90 Days of Dialysis Now Covered by PhilHealth

As of Friday, June 26, 2015, the Philippine Health Insurance Corporation or PhilHealth announced that the number of hemodialysis covered will be doubled to 90 days per year.

PhilHealth stated that the board of the directors approved of the expansion to help ease the financial burden of members and their dependents considering that the continuous growth of kidney diseases in the country. As of 2013 DOH program manager for the Philippine Network for Organ Sharing, Antonio Paraiso said that close to 23,000 patients were undergoing dialysis treatments in comparison to 4,000 patients undergoing dialysis in 2004. The number does not include people who are suffering from kidney failure without any treatments (Philstar.com). In line to the statistics presented, kidney disease ranked 8th on the top 10 causes of death in the Philippines with 15,900 Filipinos dying because of the disease that year according to the World Health Organization (WHO).

To battle kidney diseases, patients have to go through dialysis, the artificial process of eliminating wastes and unwanted water in the blood (medicalnewstoday.com). Hemodialysis, is the most common method used to treat advanced and permanent kidney failure (medicinenet.com). Hemodialysis happens when a machine (hemodialyzer) filters wastes, salts and fluids from your blood. This is normally done by the kidney naturally but if you are suffering from a kidney disease, your kidney is no longer adequate to filter the waste from your body (mayoclinic.org). Hemodialysis treatments usually lasts depending on how well the kidney of the patient still works, how much the fluid weight they gain between treatments, how big they are, how much waste they have in their body and the type of artificial kidney used (kidney.org). However, the dialysis is only a temporary solution especially if the kidneys of the patient are already failing or have already failed. The patient then needs a kidney transplant to cure and prolong their life. In fact, the National Kidney Transplant Institute – the referral center of kidney patients from regional hospital serves – an average of 34,000 dialysis sessions yearly to accommodate the 10,000 new patients every year.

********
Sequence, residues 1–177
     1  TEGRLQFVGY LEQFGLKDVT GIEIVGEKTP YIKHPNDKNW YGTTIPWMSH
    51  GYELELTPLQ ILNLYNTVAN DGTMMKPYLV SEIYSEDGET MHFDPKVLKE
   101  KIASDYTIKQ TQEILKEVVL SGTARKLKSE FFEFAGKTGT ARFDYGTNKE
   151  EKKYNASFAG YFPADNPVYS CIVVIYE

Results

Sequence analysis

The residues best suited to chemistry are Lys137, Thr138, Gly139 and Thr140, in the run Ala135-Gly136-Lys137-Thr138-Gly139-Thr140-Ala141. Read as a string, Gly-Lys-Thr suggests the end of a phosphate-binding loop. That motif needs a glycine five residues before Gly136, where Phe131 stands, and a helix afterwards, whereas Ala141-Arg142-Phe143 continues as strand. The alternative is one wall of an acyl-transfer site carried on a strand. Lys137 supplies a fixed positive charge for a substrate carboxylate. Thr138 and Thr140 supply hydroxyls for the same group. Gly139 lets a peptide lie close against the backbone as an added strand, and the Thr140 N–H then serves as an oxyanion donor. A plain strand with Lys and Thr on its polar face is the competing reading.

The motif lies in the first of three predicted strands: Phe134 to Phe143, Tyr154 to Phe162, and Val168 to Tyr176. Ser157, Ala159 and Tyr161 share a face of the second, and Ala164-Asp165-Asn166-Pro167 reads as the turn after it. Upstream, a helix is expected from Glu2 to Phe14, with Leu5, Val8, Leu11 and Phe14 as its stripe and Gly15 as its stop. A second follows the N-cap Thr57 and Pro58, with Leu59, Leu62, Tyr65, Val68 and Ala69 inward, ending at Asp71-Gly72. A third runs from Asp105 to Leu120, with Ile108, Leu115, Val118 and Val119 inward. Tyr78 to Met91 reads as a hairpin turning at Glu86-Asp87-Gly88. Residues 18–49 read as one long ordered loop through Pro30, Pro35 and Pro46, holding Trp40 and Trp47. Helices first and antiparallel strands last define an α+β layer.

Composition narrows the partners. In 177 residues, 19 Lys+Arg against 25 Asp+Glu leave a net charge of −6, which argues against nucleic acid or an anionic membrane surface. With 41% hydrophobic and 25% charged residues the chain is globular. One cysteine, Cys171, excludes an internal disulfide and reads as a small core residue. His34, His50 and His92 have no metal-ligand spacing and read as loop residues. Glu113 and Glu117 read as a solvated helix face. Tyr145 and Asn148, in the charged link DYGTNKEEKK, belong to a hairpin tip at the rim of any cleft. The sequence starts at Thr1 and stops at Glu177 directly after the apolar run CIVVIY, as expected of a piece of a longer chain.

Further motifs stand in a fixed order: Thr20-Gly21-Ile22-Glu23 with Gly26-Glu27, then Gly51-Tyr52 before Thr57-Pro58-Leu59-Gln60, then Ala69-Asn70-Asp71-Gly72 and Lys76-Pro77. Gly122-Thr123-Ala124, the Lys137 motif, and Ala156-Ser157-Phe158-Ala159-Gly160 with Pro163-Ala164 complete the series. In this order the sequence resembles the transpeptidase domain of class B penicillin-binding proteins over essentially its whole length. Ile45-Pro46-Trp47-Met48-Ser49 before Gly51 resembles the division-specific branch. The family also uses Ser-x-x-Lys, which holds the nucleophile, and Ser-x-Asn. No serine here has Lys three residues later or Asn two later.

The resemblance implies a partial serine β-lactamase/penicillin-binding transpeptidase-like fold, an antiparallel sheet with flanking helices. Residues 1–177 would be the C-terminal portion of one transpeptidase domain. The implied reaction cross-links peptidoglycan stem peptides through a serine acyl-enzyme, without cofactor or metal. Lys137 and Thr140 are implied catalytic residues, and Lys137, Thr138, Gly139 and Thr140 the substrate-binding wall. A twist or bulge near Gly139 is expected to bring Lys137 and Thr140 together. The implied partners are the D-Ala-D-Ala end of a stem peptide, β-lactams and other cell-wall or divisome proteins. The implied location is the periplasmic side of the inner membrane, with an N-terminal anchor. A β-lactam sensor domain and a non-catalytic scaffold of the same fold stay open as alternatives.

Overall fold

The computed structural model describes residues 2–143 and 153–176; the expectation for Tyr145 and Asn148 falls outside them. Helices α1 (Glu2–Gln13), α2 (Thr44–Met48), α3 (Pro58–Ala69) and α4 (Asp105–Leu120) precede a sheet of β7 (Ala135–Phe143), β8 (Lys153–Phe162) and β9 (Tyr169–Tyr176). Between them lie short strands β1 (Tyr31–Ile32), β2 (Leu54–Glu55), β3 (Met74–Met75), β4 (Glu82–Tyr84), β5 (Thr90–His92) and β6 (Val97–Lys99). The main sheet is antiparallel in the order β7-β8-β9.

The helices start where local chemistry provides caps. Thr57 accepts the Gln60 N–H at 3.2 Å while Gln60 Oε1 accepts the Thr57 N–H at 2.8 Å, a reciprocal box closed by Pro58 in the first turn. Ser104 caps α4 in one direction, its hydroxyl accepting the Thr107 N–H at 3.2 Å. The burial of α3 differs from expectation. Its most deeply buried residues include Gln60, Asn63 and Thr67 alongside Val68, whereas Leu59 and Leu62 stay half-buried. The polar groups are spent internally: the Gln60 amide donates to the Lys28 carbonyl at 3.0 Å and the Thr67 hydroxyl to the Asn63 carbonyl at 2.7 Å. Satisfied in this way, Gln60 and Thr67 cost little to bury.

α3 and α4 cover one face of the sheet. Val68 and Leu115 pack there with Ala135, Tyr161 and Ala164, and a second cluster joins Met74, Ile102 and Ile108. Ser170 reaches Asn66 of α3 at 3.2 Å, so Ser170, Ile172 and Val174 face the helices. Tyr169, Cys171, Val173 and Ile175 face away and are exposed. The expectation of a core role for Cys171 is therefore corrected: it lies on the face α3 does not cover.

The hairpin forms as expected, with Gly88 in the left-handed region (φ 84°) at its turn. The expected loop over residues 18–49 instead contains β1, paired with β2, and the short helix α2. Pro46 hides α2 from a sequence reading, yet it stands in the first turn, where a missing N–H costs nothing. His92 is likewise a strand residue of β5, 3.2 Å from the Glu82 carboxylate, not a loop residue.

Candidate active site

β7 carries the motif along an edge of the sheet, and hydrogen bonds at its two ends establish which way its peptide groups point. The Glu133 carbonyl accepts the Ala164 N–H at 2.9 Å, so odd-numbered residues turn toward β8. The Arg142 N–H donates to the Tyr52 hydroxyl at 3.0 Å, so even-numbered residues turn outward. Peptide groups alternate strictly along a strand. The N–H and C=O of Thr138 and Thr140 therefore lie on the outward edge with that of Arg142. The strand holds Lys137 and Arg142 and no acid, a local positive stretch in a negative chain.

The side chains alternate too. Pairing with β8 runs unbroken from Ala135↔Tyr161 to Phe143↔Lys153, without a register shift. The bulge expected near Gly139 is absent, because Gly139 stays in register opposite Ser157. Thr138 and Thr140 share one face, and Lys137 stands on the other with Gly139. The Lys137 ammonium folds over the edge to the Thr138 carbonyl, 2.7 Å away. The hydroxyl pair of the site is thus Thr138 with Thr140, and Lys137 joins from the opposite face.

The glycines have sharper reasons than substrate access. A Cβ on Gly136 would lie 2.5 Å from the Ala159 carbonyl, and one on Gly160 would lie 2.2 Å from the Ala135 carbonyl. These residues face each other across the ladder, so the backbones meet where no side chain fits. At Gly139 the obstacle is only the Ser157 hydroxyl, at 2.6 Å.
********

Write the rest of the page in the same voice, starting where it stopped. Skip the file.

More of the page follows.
In order to assist the members of PhilHealth in their financial problems for the dialysis sessions, president and CEO, Alexander Padilla said that they have adjusted the rate from P4,000 to P2, 500 per session. This might sound bad but according to Padilla, after much deliberation, they have concluded that P2,500 is enough to cover the expenses of the dialysis since the normal cost would also be P2,500. To compensate with the reduced amount, the number of sessions that will be shouldered by PhilHealth is then extended to 90 sessions in comparison to the 45 session from the previous policy. This coverage also covers payment for facilities and professional fees of attending physicians of the patient.

This new policy has been implemented and could be used by PhilHealth members and their dependents at accredited free standing dialysis centers and hospitals nationwide.